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Will Self-Quarantining Increase Your Electricity Use?

If you live in California, New York, New Jersey, Massachusetts or one of the other states that have issued orders to shelter-in-place there are a lot of things on your mind. One of the things you may be wondering is how the COVID19 pandemic will affect your energy use as you spend the bulk of your day at home.
With so many people working from home and staying inside to self-quarantine, an uptick in energy use is a valid concern. This is especially true for people who have already been financially impacted by stay at home mandates.
We understand that right now saving every kilowatt possible is important to our customers. Below are some tips from the Spark Energy team to help keep energy use in check as you stay at home and ride out the Corona Virus outbreak. 

Be Aware of Time-Based Variable Rates and Plan Accordingly

One of the first things you should do is check your energy plan to see if the rates are based on time-of-use. This means that the rates change throughout the day with peak periods being the most expensive. 
Time-of-use plans have grown popular over the last few years and in some cities it’s become the default. Each provider and plan is different, but generally peak hours are from 4-9pm. This is when you’ll want to minimize energy use as much as possible to reduce the cost.
The cheapest time to use energy is during super off-peak hours, which are often from 12-6am. Most people don’t burn the midnight oil, but you can still take advantage of the low energy rates by scheduling the dishwasher to kick on after midnight or starting a load of laundry right before going to bed. 

Adjust Your Sleep/Wake Schedule

When you’re home 24/7 and want to reduce energy consumption one of the best things you can do is make use of the daylight. Waking a little earlier to catch the first light of day and going to sleep a little earlier at night allows you to minimize electricity use.
For example, let’s imagine we’re in sunny San Diego and our normal wake/sleep schedule is 8am/12am. The sun rises around 6:45am and sets a little after 7:00pm. If we adjusted our sleep cycle to 7am/11pm we’d use artificial lighting one hour less each day. Since it isn’t a major adjustment you could easily transition from 8am/12am to 7am/11pm over the course of several nights.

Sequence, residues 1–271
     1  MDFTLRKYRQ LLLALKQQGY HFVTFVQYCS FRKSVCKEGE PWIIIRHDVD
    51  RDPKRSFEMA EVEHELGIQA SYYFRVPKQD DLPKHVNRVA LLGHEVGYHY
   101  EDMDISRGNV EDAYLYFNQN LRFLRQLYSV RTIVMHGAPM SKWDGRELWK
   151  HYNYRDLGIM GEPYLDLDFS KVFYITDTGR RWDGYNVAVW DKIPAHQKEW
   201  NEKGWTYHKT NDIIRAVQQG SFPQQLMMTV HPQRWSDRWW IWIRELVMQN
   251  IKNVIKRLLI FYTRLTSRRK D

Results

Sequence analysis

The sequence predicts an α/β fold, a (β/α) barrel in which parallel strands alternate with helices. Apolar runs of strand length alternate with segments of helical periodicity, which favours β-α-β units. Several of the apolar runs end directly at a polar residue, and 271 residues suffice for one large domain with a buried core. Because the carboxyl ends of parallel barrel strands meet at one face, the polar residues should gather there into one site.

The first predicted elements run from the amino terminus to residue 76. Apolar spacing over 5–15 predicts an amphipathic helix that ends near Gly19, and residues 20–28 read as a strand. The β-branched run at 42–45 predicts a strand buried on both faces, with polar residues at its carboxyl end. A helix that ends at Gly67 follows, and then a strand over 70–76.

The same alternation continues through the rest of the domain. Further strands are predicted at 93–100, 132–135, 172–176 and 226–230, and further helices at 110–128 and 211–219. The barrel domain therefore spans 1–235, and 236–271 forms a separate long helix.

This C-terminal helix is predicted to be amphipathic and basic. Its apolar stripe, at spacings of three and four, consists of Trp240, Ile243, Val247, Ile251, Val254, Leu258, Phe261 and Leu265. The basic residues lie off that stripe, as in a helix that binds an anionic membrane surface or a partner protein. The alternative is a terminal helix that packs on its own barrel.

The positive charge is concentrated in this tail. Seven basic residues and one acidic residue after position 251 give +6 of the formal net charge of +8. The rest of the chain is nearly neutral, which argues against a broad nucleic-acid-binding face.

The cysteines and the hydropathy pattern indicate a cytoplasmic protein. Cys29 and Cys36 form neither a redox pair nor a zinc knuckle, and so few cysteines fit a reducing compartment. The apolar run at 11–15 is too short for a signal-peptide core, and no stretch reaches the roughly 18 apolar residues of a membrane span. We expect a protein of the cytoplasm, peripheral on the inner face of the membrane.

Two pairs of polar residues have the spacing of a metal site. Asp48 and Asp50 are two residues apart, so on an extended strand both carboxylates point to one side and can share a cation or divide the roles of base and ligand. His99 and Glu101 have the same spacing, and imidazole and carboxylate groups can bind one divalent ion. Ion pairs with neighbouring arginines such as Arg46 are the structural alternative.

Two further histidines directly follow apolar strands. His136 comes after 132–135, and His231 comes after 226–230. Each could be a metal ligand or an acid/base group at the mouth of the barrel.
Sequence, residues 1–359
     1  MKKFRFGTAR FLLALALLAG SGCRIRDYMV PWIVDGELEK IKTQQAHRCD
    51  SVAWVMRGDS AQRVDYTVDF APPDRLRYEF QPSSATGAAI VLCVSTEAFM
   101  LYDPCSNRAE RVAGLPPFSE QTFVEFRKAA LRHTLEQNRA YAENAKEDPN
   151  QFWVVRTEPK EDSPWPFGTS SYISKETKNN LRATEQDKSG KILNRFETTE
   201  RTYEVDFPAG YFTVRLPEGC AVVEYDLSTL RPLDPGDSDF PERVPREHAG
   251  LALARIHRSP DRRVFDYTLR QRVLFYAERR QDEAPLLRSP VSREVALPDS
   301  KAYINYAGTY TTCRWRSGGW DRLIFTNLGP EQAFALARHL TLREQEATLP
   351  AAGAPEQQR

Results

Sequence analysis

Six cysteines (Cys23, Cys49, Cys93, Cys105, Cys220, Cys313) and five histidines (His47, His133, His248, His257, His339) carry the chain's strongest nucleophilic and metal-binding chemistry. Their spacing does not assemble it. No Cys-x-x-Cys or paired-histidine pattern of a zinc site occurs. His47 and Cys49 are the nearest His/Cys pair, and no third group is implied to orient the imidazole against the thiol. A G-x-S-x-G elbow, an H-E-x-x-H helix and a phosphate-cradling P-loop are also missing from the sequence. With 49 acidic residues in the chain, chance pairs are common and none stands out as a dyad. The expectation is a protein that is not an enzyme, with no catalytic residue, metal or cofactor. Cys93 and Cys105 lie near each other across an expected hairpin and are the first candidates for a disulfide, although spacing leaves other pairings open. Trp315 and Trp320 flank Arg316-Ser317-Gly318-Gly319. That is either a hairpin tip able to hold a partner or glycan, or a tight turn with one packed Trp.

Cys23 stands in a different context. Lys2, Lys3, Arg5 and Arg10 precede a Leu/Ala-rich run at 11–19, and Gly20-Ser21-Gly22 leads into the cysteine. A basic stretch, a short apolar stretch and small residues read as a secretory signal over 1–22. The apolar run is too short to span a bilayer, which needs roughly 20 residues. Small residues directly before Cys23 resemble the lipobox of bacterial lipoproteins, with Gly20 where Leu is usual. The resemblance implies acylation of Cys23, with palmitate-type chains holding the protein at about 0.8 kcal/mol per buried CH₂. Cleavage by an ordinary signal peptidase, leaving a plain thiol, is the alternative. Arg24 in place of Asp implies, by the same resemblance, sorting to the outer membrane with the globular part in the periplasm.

Put Down the Controller and Pick Up a Book

Everyone is talking about how many hours of movie and television streaming Americans are going to consume while they practice social distancing by staying at home. Logging all that time on your flat screen will probably bump up the monthly electric bill just a little.
If a family’s daily TV time increases by an hour or two a day across three (fairly new) televisions in the home it would lead to about $1 increase on the monthly bill. However, if the televisions are older models there’s a good chance they consume more energy and the cost would be higher.   
Instead of extending your binge watching time, why not read that book that’s been sitting on a shelf for a few years? In an age of on-demand, instant entertainment it’s easy to forget how nice it is to get lost in a good book. Plus, reading comes with a number of side benefits like better sleep, increased empathy and less stress - three things that can help us cope with being cooped up. 

Use Solar Chargers

Now is the time to invest in a solar charger if you haven’t yet. Whether or not you’re working from home, you’ll probably be on smartphones and devices more than usual. All those devices require power to keep us connected to the outside world. 
Beyond needing power to function, there’s an additional energy drain if devices are left plugged in hours after they are fully charged. With solar chargers that’s no longer a concern. Manufacturers have optimized solar power generation for small devices, making 15-watt chargers more than adequate for phones and tablets. Solar chargers with backup batteries are ideal because you can store up energy during the day that can be used at night or when it’s cloudy out.
Spark Energy is here for you during this trying time. If you need assistance our agents are working remotely to maintain the high service level customers have come to expect. 
4/7/2020 6:31:17 PM
Tags: Will Self-Quarantining Increase Your Electricity Use
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